Curing and Destigmatizing Incontinence

Victory! Finishing the annual charity fun-run was great, but it wasn't just a sporting triumph. For me, jogging for six miles with dry shorts was a very precious personal best. For the last two years I had been strenuously fighting stress incontinence -- sudden leaks of urine -- so perhaps I was a bit of a masochist to keep on taking part. But I knew that if I could do this run it would prove how much I had achieved -- and I had won.

Incontinence whiffs (excuse the pun) of old age, loss of control and nappy pads, yet sufferers range from young yummy mummies to 40 percent of women over 40, according to a U.K. urinary study carried out in 2000 by the Medical Research Council. The Incontinence Foundation confirms that there are six million weak bladders in the U.K., and one in three women leak when they laugh, cough, sneeze or lift heavy objects. In fact, the statistics are probably much higher, as many people, not surprisingly, won't admit they have a problem. I was one of those statistics, and my problem was kept strictly within the family.

Why don't we uncross our legs and rush for help? Quite simply, we cope and hope the problem will disappear. This was what I did. While I loved the idea of doing a fun-run, trying to hide the wetness wasn't so hilarious. Two extra-strength pantyliners couldn't contain the flow, which, despite squeezing tight (quite difficult while you are running), was like a constantly dripping tap. At the finish, I'd race to the loo with fresh knickers and talc before meeting friends in the pub. Already I'd given up aerobics, and tennis was inhibiting. Dancing and playing active games with the children caused problems, and increasingly I was dripping daily just from carrying heavy shopping or picking up children. Stress incontinence was blighting my life.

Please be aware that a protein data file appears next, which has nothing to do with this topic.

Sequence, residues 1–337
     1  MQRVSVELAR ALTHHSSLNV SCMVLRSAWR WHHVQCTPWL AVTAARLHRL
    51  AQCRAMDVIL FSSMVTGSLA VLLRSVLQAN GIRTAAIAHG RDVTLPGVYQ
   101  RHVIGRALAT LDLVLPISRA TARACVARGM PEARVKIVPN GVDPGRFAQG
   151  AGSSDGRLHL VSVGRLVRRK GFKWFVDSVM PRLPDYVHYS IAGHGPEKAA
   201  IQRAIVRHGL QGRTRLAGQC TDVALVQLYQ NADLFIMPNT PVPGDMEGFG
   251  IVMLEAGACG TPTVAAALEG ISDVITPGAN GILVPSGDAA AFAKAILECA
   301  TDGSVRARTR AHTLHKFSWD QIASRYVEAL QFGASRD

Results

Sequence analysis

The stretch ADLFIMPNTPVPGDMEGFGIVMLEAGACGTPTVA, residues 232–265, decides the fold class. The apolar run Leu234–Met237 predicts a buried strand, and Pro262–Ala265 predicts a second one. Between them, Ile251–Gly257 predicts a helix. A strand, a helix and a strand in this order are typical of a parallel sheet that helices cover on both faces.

Stress incontinence is usually caused by the weakening of the pelvic-floor muscles (PFM) throughout pregnancy and childbirth, during which they take quite a beating. Stretching from front to back passage, these muscles act like a hammock supporting our waterworks, as well as the growing baby. It's interesting to note that while women's awareness of body care during the ante-natal period can verge on the obsessive, postnatally, it's a different story, where taking care of your body takes a low priority compared to embracing breastfeeding and a new routine. Most mothers recall leaving the maternity ward with a sheet of pelvic-floor exercises, following a brief chat with the physiotherapist. Breastfeeding aids the recovery of stomach and PFM elasticity, but some women never completely regain good tone. As menopause approaches, hormonal changes can further weaken the area.

It's a shame that more women don't seek help, because there are treatments out there. The first stop should be PFM physiotherapy, which brings about improvement in 85 percent of women.

These days, a higher priority is given to this area of women's health, confirms Katie Jeitz, senior physiotherapist at the Whittington Hospital in London. "Pelvic-floor health is promoted from early pregnancy. On discharge, women are given a health pack and we run one-to-one appointments and classes in specific cases. Often, it's five or 10 years later, when incontinence starts to interfere with lifestyle, that women seek help. A GP can refer women to physiotherapy, and the earlier the better. Women still don't know enough about their pelvic floors. We have to get over the taboo, talk about it with our girlfriends"